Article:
Chasing Ice Director Jeffery Orlowski shooting in Uummannaq, Greenland, Summer of 2007.

A free screening of “Chasing Ice” will at 7 p.m., Thursday, April 25 at Star Hall. The movie is made available through the Utah Film Circuit: Moab, an initiative of the Grand County Public Library and the Utah Film Center.

“Chasing Ice” earned an excellence in cinematography award in documentaries from the 2012 Sundance Film Festival, as well as best documentary at the Berkshire, Big Sky and Crested Butte film festivals.

“’Chasing Ice’ has garnered numerous accolades from every festival it has screened at,” said Sallie Hodges of the Utah Film Circuit: Moab. “It’s a visually stunning film that has captured undeniable footage of our changing planet. I’m extremely excited to be able to watch this on a big screen.”

In the spring of 2005, acclaimed environmental photographer James Balog headed to the Arctic on a tricky assignment for “National Geographic”: to capture images to help tell the story of Earth’s changing climate.

Even with a scientific upbringing, Balog had been a skeptic about climate change. But that first trip north opened his eyes and sparked a challenge within him that would put his career and well-being at risk.

“Chasing Ice” is the story of one man’s mission to change the tide of the history by gathering evidence of a changing planet. Within months of that first trip to Iceland, the photographer conceived the boldest expedition of his life: The Extreme Ice Survey.

With a band of young adventurers in tow, Balog began employing revolutionary time-lapse cameras across the Arctic to capture a multi-year record of the world’s disappearing glaciers.

As the debate polarized America and the intensity of natural disasters ramped up globally, Balog found himself at the end of his tether. Battling untested technology in subzero conditions, he came face-to-face with his own mortality.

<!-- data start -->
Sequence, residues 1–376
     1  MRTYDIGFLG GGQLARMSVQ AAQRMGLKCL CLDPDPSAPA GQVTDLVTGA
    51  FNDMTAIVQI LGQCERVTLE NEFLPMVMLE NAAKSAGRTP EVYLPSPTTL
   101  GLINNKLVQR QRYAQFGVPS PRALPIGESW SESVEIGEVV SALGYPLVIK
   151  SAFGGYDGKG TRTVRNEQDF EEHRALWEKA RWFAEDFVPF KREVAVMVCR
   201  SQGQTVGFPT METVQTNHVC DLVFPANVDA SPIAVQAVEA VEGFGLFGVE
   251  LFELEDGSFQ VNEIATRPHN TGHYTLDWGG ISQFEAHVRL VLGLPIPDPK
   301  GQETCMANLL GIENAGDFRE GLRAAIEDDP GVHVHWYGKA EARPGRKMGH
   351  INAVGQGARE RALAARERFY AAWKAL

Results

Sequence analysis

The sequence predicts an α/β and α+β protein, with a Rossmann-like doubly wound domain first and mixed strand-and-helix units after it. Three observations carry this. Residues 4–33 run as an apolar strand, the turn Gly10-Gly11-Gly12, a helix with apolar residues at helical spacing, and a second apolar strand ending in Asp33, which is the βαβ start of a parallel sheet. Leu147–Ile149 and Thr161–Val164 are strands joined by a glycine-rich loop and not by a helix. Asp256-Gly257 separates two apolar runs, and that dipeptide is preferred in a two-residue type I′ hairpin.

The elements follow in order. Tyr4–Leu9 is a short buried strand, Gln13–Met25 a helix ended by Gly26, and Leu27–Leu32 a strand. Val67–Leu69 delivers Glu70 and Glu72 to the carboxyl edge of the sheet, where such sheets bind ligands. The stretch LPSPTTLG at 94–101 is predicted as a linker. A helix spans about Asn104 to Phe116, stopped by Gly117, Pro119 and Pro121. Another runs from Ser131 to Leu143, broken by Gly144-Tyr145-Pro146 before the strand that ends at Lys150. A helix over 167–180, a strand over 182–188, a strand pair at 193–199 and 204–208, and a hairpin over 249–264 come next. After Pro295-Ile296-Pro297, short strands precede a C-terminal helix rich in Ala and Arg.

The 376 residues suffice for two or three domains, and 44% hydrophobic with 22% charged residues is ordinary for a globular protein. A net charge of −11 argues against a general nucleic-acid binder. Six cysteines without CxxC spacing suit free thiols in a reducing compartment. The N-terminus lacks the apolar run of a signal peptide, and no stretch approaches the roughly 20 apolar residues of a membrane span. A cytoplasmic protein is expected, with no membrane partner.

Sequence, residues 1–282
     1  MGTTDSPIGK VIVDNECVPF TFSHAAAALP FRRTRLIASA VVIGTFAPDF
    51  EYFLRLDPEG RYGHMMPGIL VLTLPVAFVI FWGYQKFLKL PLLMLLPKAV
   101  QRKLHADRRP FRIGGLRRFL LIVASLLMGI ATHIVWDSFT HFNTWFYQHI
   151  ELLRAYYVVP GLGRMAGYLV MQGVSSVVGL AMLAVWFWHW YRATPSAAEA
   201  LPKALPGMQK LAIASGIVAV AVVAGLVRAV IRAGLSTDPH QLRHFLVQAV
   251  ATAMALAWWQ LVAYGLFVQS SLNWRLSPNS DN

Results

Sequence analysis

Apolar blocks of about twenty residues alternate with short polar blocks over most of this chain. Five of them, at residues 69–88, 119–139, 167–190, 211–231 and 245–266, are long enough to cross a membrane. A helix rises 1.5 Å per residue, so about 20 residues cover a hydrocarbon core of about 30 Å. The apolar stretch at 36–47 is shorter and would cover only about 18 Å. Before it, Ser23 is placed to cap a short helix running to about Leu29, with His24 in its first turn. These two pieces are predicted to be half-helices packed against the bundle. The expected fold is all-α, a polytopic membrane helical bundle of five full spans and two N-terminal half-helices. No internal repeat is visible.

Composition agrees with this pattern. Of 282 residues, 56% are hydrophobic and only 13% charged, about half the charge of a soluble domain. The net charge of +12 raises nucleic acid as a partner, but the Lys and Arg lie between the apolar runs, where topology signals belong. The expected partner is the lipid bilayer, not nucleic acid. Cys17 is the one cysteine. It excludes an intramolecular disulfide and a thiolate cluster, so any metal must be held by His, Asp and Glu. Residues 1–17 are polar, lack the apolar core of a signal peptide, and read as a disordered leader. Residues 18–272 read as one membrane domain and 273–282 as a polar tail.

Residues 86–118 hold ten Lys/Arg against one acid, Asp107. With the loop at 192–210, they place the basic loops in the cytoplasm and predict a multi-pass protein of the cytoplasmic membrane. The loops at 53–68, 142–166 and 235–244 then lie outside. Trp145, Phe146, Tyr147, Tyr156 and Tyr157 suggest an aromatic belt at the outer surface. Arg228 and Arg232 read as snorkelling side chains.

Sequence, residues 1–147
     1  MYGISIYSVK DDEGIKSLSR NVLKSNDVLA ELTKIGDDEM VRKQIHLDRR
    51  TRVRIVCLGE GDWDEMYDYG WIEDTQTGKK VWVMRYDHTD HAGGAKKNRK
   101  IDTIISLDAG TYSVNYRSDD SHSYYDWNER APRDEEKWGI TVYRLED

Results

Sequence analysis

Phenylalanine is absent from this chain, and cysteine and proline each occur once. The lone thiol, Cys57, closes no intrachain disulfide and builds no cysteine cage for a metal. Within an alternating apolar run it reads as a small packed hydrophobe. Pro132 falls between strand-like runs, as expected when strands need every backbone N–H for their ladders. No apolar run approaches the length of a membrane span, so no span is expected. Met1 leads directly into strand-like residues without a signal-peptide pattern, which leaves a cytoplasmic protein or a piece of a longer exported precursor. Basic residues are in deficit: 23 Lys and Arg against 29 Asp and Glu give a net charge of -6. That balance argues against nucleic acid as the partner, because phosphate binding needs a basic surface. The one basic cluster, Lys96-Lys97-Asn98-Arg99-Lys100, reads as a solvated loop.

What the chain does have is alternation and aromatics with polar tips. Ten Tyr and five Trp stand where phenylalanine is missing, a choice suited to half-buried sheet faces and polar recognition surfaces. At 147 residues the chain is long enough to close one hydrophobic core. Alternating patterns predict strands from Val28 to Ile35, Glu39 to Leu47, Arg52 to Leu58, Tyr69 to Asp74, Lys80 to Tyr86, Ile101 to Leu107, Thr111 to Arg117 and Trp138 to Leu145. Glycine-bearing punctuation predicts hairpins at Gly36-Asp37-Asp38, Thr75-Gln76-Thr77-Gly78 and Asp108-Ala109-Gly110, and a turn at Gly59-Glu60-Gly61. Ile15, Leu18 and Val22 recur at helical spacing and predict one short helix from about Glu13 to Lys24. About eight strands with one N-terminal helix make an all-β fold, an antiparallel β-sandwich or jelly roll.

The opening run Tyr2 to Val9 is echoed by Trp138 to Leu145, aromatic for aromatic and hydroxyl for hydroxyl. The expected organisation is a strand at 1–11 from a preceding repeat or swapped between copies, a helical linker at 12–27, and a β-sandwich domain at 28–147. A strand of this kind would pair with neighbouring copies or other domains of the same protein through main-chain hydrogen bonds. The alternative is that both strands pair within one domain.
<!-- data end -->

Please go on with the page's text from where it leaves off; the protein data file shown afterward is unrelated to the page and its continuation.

It takes years for Balog to see the fruits of his labor. His hauntingly beautiful videos compress years into seconds and capture ancient mountains of ice in motion as they disappear at breathtaking rate.

“Chasing Ice” depicts a photographer trying to deliver evidence and hope to our carbon-powered planet.

“James is an incredible mentor and friend. He’s a perfectionist and will stop at nothing to create and image. But it’s not just about making a photograph,” said director Jeff Orlowski. “For him, it’s really about what the image is saying. What it means. And then how that can be communicated to the viewer. He has had a profound influence on my life, and unquestionably he’s been my greatest artistic influence. I think he is one of the greatest artistic minds of our generation.”

Orlowski offered to help Balog for free in 2007, and went with Balog and a team to Iceland where he installed his first time-lapse camera.

“I filmed the entire trip. It was mostly to document what he was doing and to have a record of the project,” Orlowski said. “Then I went with him to Greenland, and then Alaska, and then kept traveling with him, filming everywhere he went.”

The biggest challenge during filming was the harsh environments.

“We had weather as low as negative 30 degrees. One winter night in Greenland, I thought I was going to freeze to death in our cabin. Our heater was leaking gas so we decided to go to sleep without it. I woke up in the middle of the night from my own teeth chattering. I rubbed my body to stay warm, and suffered until sunrise,” Orlowski said. “But as cold as it was, and as difficult as it may seem, that was all the fun stuff. I’d do it all again in a heartbeat. I’d much rather be out shooting than editing.”

The Utah Film Center: Moab provides a monthly screening featuring some of the best dramatic and documentary films from around the world. Jessie Magleby of the Grand County Public Library said that they appreciate suggestions by patrons.

“The Grand County Public Library is delighted to be screening “Chasing Ice”, which was suggested by several different library patrons. It promises to be an exquisite and exciting film chronicling the adventures of a courageous team of scientists and photographers who brave extreme conditions to document this amazing phenomenon,” said Magleby said. “I think it will appeal to Moab’s many outdoor-adventure types and to anyone who enjoys excellent nature photography. This is definitely a film that will be best enjoyed on a big screen with good sound!”